We check out a new hot single malt scotch whisky waiting for the green signal of Indian shores
NOW that we are heading towards festive months, it’s – sorry for the cliché – that time of the year, when you stack your cards, take out the crystal, and re-stock the bar. It’s a hectic season ahead folks, and whisky lovers like yours truly already have their bar counters and glasses ready to raise a toast and say cheers, for the lords of excise have waved their green flags and let the bottles of liquid sunshine barrel onto Indian shores.
Getting dramatic aren’t we! But heck, in the words of American comedian and writer WC Fields, ‘Set up another case bartender! The best thing for a case of nerves is a case of Scotch’.
And not just any Scotch – the rarest from the fifth region of Scotland.
The Loch Lomond group from Scotland is bringing forth a fascinating malt in the later part of this year.
Bold, adventurous, refined, redefined, intense, smooth – what I find most fascinating with this malt – Glen Scotia – is its obscurity, the rarity and richness of its character. The more unique and in a league of it’s own, the more the chances of them finding a top place in my bar.
So ladies and gentlemen, get ready to be whisked away with the best from the fifth region of Scotland, yep, give yourself a pat if you said Campbeltown, since thats where this originates from:
GLENSCOTIA SINGLE MALT SCOTCH WHISKY
Whoever coined the phrase ‘old is gold’ was certainly enjoying a glass of Glen Scotia while mulling over it. Here’s an age-old brand that is a glorious testament to time honoured tradition and character, a royal swig that is befitting for ahem, a Queen. It’s a dram straight from the Victorian era, from a tiny town called Campbeltown, which once held the distinction of being the whisky capital of the world. So we have the Speyside, Highland, Lowland and Islay to flaunt their distilleries and turf prowess, but there was a time, when Campbeltown witnessed Scottish monarchs being crowned, and ran 28 distilleries. Today, three distilleries remain, Glen Scotia being one of them, built near Campbeltown’s ancient parliament square.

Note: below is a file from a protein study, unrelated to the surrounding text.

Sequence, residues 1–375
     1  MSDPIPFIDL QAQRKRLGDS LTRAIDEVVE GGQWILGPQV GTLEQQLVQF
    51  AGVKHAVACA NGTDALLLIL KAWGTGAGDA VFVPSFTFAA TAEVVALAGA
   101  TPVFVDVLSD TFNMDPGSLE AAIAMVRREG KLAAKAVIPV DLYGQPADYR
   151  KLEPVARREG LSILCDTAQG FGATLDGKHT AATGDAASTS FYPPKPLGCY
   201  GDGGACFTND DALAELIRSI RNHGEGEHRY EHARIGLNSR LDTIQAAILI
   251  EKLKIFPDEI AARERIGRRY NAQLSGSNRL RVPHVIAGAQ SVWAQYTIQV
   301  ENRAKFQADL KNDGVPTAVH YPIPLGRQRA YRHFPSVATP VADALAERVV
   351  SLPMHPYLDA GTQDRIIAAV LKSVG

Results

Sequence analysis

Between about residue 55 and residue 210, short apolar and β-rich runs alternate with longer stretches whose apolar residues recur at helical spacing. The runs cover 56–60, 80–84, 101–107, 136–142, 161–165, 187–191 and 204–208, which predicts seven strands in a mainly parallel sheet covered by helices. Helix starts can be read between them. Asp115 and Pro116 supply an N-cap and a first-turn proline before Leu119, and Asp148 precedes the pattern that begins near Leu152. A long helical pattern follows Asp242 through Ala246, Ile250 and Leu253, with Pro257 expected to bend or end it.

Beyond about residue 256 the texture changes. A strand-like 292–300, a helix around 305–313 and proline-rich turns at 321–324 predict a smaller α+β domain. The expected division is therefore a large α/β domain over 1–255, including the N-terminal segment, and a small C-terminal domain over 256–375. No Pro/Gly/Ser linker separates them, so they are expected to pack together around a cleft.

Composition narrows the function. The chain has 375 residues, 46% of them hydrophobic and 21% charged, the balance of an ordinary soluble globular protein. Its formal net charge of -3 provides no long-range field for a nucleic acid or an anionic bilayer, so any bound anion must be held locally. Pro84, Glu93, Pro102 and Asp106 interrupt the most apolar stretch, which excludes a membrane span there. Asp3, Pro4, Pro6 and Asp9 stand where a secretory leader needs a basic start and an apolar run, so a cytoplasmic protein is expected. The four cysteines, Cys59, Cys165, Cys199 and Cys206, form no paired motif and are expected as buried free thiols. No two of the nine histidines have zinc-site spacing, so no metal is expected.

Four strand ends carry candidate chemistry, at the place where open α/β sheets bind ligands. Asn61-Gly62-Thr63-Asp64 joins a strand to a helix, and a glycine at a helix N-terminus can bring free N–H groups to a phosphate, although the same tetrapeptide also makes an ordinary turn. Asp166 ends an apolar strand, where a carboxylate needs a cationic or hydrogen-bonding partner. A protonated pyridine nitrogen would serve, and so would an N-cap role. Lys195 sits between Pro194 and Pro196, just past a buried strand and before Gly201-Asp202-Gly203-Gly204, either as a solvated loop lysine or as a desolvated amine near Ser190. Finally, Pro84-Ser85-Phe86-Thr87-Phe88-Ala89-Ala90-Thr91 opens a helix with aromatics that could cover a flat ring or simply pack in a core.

Glen Scotia 15 year old is an indulgent experience with a signature nose of vanilla oak interwoven with subtle notes of sea spray and aromatic fruits, it is smooth, rich and spicy yet slightly dry at the same time. Matured gently for 15 long years in American oak barrels, it’s bottled at 46% ABV and is non chill filtered.
One look at the bottle, its contents, and its velvety warm glow speaks volumes of the history it carries and showcases. A must have number one this season.
Glen Scotia Double Cask is another romantic reminiscence of the Victorian Britain.
Glen Scotia Double Cask is one of those full-bodied, heavily flavoured whiskies with a slight saltiness taste. It’s also a whisky that carries in it a deep, dark mystery.
Similar to the 15-year-old, Double Cask is finished in American oak barrels, however with the Pedro Ximenez Sherry casks lending it a fantastic balance of rich, spicy fruits with hints of sea spray. One can hint amber, creme caramel, caramelised fruit sugars, wood sugar to fudge before apple and peach come through. If you’re looking to give the tongue a tingling buzz, then take a sip of this, its charred note of bourbon with a pleasing dusty dryness, and the dry distillery character lend a unique depth.
If you ask me, life runs best on love, laughter and lots of whisky. So keep those wallets fat, the bar clear and the glasses ready to say cheers to these two beautiful maritime scotch malt expressions of this season from the house of Glen Scotia.
In the meantime,
I will leave you with a Campbeltown fact – Someone once described Campbeltown as ‘the nearest place to nowhere and the furthest from anywhere.’ Just like a fine glass of whisky … Leaving us in blissful space of suspension!
Season’s greetings & we say the best fireworks are the one’s that burst on your palate !